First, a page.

2. If an unresolved serious problem is evident, make arrangements with the company for an onsite assistance visit.

      3. As a courtesy, notify the site in writing that the annual evaluation submission has been received. Note any areas of concern.

      4. Complete, and return via e-mail, the VPP Annual Data Spreadsheet to DCSP by March 30th.

    5. Reapproval

      1. Track current VPP participants and ensure that onsite evaluations to determine a recommendation for reapproval are scheduled and conducted in accordance with Chapter 6.II.A.

      2. Obtain the Regional Administrator's approval for any requests to extend with just cause the period between onsite evaluations.

      3. Any approved extensions of time between onsite evaluations must be documented and copied to both DCSP and the Regional case file.

    6. Withdrawal or Termination Upon receiving a withdrawal letter from a participant, or upon termination of a participant, the VPP Manager must:

      1. Remove the participant's application, onsite evaluation reports, approval letters, and annual evaluations from the public file.

      2. Notify the Area Director of the withdrawal or termination so that the site may be returned to the programmed inspection list, if applicable, at the time of the next inspection cycle.

      3. Notify the Regional Administrator and DCSP in writing of any withdrawals or terminations and the reason(s) for withdrawal.

    7. Special Circumstances

      1. Discuss any change in ownership, organization, and union representation (if applicable) with the site representative, and schedule an onsite visit if needed to evaluate the change's impact. Forward to DCSP any resultant updates to the site's information.

      2. Coordinate and review any formal or non-formal complaints, referrals, fatali­ties or catastrophes, accidents or incidents, and resultant inspection reports or letters. (See Chapter 8.)

    8. Ongoing Assistance. The VPP manager will be available to assist participants as needed, e.g., when changes occur at the site that may affect continued participation.

    9. Maintenance of Site Files. The VPP manager must maintain a public file of all approved sites in the Region and make available to the public on request:

      1. VPP application and amendments.

      2. Onsite evaluation reports.

      3. Regional Administrator's letter of recommendation and the Regional Administrator's transmittal memoranda to Assistant Secretary (via the Director of DCSP).

      4. Assistant Secretary's and Regional Administrator's approval letters.

      5. Memorandum to the appropriate Area Director removing an approved site from the general inspection list.

      6. Related, formal correspondence.

    10. VPP in State Plans

      1. Refer inquiries regarding VPP in state plans and any applications to the appropriate State Designee.

      2. Encourage State plans to update DCSP with general site information and end-of-year information regarding new and existing VPP participants.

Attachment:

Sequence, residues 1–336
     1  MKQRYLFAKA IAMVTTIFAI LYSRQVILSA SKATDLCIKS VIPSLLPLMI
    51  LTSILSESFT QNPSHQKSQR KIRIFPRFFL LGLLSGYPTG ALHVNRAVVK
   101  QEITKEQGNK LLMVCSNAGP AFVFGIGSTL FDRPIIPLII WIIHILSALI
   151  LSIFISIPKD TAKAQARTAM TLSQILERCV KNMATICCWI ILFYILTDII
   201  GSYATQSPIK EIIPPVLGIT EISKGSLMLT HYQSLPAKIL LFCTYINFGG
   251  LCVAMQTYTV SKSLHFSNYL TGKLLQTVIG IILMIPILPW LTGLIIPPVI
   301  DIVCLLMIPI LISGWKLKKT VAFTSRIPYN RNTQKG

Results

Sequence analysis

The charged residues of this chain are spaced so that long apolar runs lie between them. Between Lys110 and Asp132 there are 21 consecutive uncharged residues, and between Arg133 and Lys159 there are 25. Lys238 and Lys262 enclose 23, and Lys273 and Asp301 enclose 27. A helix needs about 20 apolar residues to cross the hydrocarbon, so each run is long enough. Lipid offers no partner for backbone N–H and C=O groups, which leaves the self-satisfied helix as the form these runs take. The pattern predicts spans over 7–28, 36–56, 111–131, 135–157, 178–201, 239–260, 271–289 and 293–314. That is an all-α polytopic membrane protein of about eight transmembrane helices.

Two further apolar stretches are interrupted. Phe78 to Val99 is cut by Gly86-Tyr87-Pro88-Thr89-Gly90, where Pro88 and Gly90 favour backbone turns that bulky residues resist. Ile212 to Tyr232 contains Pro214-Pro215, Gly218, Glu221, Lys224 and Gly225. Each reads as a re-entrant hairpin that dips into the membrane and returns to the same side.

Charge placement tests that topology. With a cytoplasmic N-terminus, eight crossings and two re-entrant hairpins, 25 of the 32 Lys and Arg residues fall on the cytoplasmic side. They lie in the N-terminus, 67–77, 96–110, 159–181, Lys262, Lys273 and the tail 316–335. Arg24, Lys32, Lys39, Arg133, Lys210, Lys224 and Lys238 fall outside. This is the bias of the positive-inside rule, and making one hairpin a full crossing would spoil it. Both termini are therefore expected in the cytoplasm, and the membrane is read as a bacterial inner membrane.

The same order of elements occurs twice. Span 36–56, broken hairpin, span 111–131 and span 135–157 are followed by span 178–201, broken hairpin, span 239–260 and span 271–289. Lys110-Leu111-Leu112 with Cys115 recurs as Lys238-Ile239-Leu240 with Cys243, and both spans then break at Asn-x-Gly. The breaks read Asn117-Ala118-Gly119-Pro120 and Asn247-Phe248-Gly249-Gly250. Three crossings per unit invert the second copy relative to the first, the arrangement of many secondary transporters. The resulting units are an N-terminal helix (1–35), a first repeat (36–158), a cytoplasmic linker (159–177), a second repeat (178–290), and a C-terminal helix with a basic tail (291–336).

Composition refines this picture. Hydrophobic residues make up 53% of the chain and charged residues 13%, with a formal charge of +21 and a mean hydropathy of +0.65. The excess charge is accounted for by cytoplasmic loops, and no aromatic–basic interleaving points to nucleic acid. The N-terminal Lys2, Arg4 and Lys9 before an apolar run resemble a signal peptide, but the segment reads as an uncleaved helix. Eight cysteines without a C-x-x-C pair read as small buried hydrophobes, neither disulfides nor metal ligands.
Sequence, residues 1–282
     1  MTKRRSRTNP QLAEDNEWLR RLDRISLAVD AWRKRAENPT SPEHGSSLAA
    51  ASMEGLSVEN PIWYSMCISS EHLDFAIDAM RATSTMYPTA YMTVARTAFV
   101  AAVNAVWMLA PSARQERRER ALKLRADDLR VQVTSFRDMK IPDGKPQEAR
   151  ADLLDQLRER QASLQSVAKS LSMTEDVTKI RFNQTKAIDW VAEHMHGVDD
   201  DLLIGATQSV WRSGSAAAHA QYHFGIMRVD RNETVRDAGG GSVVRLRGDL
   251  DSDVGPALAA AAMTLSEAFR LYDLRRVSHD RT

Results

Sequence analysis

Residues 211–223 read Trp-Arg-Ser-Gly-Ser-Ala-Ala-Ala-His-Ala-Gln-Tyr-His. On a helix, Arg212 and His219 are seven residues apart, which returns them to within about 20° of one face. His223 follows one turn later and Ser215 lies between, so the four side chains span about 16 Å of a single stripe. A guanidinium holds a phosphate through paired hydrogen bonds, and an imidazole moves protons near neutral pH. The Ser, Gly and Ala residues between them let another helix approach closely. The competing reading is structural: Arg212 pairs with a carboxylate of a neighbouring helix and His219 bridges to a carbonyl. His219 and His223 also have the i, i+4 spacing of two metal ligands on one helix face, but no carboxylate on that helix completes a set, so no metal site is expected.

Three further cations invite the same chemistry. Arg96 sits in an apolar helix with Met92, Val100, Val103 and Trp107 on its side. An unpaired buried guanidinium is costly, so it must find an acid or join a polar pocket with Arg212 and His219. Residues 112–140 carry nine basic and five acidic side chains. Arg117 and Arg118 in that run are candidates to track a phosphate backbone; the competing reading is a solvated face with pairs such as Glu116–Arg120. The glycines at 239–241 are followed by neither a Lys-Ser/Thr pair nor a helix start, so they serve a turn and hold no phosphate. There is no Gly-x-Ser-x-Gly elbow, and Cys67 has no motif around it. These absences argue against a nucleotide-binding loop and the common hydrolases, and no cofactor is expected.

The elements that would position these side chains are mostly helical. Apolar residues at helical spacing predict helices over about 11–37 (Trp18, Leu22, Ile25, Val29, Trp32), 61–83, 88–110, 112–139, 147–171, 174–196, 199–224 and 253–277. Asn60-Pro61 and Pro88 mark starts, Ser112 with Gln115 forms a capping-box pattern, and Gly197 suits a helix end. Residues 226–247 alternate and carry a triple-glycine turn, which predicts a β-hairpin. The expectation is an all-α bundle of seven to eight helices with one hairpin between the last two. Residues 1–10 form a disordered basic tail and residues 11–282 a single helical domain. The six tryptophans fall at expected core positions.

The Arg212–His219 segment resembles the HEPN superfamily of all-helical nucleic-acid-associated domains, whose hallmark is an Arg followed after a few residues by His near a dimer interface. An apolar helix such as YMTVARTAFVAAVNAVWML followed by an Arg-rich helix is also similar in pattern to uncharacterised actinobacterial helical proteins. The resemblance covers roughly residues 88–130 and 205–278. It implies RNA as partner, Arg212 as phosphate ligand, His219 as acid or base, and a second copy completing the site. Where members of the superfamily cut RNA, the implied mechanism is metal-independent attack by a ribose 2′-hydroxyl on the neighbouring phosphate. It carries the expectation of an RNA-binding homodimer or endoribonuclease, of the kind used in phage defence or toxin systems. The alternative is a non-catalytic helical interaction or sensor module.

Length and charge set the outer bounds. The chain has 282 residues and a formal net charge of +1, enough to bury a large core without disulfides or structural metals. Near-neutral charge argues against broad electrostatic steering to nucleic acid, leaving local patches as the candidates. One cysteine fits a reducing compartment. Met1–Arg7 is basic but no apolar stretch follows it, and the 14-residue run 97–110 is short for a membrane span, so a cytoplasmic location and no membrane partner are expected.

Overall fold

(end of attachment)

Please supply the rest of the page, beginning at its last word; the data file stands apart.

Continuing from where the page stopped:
3. Ensure that updated promotional materials and changes to policy or procedures are promptly distributed to State Designees.

    11. OSHA Area Directors. In addition to being knowledgeable about the VPP and its participants, the Area Director must:

      1. Inspection Deferral

        1. Ensure that programmed inspections of applicants are deferred for no more than 75 days prior to their scheduled onsite evaluation.

        2. Remove approved sites­ from any programmed inspection lists for the duration of par­ticipation, unless a site chooses otherwise.

        3. Return sites that have withdrawn or been terminated to the programmed inspection list, if applicable, at the time of the next inspection cycle.

      2. Upon the Regional Administrator's request, the Area Director must assign properly trained compliance officers (CSHOs) to serve as VPP team members or team leaders.

      3. The Area Director must use routine procedures for conducting complaint, referral, and/or fatality/catastrophe investigations at VPP worksites and:

        1. Notify the VPP Manager when a complaint (including an informal complaint responded to by letter) is received from a VPP participant and of the subsequent disposition of the complaint. (See Chapter 8.)

        2. Immediately notify the VPP Manager of any fatalities, catastrophes or other accidents, or incidents requiring enforcement that occur at a VPP work­site.

        3. Send the VPP Manager a copy of any report resulting from an enforcement case.

      4. Promoting VPP. In promoting VPP, Area Directors must:

        1. Respond completely and promptly to public inquiries about VPP.

        2. Promote VPP publicly and within OSHA by:

          1. Giving speeches and presentations and attending VPP ceremonies.

          2. Ensuring that CSHOs are knowledgeable about VPP requirements and objectives and encouraging them to identify possible candidate sites. 

          3. Referring likely VPP candidates to the VPP Manager.